Hi-Jackers

Browser Hi-Jackers are those annoying webpages that come up and tell you that your system has been infected and that you need to call a toll-free number to have someone remote into your system. If you call them, they will claim your computer is infected and ask you for a form of payment to help secure your computer. Even though annoying, these browser hijackers can primarily be fixed by quitting out of the web browser you are in and relaunching it. In some instances, you may have to restart the computer by holding the power button in for approximately 10 seconds to forcibly shut it down and then turn the computer back on. After that when you relaunch your browser, it should default back to your startup page and if not, you may have malware installed on your computer that needs to be removed.


Ransomware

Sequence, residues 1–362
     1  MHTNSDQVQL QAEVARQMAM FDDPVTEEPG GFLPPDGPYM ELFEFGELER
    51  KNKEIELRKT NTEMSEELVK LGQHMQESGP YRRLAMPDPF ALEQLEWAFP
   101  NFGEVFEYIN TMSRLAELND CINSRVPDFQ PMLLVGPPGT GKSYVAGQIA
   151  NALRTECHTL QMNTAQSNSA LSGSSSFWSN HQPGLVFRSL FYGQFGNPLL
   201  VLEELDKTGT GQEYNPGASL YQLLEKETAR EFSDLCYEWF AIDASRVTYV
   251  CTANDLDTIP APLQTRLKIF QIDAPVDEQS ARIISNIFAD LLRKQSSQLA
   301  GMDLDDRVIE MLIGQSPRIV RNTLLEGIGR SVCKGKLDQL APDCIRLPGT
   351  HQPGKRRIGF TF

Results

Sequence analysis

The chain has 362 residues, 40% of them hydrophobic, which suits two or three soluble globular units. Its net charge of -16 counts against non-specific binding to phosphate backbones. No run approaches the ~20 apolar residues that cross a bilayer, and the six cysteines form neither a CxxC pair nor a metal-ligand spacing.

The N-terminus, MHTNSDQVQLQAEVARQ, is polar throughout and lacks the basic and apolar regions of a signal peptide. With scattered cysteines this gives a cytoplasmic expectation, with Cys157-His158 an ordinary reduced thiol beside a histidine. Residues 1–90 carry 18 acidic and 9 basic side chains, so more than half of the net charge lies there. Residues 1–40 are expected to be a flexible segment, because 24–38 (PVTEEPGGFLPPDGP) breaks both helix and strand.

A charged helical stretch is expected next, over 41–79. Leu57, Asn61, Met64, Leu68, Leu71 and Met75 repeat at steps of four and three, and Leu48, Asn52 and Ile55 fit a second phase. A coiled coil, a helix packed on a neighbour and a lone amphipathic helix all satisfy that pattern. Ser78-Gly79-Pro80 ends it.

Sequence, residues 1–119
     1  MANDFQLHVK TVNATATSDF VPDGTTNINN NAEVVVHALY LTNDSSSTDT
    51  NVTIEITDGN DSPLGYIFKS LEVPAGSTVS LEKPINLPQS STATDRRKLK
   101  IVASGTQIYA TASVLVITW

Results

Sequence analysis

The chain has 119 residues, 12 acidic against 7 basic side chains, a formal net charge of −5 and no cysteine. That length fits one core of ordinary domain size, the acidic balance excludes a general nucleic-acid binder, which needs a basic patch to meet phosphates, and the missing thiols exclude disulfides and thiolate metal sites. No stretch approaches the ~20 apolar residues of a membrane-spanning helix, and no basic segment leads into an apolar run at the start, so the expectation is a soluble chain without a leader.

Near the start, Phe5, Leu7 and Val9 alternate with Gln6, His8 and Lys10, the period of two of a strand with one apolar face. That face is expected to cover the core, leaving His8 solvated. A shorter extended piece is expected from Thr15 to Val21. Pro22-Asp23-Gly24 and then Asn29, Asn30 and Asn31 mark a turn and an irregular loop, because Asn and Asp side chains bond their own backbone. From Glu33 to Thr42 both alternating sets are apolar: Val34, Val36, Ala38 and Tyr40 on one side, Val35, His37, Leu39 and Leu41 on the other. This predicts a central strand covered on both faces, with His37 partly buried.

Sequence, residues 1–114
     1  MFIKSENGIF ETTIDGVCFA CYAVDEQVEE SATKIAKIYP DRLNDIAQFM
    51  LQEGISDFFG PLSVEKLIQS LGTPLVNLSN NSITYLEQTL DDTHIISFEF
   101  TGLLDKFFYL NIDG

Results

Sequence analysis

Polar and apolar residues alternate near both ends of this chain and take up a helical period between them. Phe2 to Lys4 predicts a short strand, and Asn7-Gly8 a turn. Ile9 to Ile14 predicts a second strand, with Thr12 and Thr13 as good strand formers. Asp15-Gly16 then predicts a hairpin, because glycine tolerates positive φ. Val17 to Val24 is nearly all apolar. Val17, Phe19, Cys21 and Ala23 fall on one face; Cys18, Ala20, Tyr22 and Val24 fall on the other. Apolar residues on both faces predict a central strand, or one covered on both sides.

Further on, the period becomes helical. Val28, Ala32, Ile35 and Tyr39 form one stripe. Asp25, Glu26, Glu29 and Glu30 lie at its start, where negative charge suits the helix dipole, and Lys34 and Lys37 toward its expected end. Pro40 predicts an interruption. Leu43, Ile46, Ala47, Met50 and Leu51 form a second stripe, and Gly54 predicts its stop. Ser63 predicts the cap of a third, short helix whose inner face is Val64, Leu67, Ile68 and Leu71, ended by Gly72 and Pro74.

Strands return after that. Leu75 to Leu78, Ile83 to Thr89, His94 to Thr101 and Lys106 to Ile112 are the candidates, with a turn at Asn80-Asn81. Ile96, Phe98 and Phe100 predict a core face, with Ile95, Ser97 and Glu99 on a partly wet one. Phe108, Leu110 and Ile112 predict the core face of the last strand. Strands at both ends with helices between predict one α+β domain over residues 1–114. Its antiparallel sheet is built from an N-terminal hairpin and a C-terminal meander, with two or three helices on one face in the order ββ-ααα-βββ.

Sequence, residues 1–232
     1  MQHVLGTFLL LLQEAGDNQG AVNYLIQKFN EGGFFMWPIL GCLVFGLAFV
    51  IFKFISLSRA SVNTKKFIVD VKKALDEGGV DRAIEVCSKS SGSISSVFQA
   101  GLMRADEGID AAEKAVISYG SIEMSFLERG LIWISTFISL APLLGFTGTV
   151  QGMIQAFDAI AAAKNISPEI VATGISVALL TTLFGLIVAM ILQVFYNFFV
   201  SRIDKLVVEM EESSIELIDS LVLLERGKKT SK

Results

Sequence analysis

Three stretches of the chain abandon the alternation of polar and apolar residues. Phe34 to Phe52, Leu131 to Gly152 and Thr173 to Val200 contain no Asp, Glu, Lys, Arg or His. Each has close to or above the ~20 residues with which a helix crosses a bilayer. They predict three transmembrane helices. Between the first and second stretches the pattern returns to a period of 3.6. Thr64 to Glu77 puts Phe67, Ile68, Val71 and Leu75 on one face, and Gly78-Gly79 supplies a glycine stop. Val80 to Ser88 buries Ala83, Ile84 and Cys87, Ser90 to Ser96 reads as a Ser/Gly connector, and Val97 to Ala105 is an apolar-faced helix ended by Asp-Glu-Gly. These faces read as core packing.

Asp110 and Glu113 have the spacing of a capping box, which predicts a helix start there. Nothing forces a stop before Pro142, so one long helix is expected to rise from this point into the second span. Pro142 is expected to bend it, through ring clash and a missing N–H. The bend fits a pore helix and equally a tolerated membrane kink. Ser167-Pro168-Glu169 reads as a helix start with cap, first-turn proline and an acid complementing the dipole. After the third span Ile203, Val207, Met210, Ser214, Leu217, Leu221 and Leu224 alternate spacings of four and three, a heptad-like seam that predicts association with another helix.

Ransomware is probably the most destructive cyber threat that we see. It doesn’t matter the size of your organization, ransomware can target any company at any time. If you do not have some form of plan in place, it can be a very costly endeavor to get access back to your data. These types of attacks typically happen through someone gaining access to your system or company servers through one of the previous methods. Once they have access, they will encrypt your data and make it inaccessible until you pay them to unlock it. If the data that is compromised is important and you do not have a backup plan in place you may be left with your only option being to pay the attackers ransom demands. The only way to prevent an attack like this is to follow the practices listed above, have full reputable Anti-Virus software installed, and actively watch out for phishing scams. Even practicing these guidelines ransomware can still get into your systems. This is why you need to have a plan in place before that happens. The easiest way to recover from a ransomware attack is to have an off-site backup in place. This DOES NOT include cloud storage services like OneDrive, iCloud Drive, Google Drive, Drop Box, etc. These cloud-based storage applications are syncing with your system in real time and may sync the locked files to the cloud storage. You will want an off-site backup service that runs backups once a day. This way you will have a point to restore back to before the ransomware infected your system.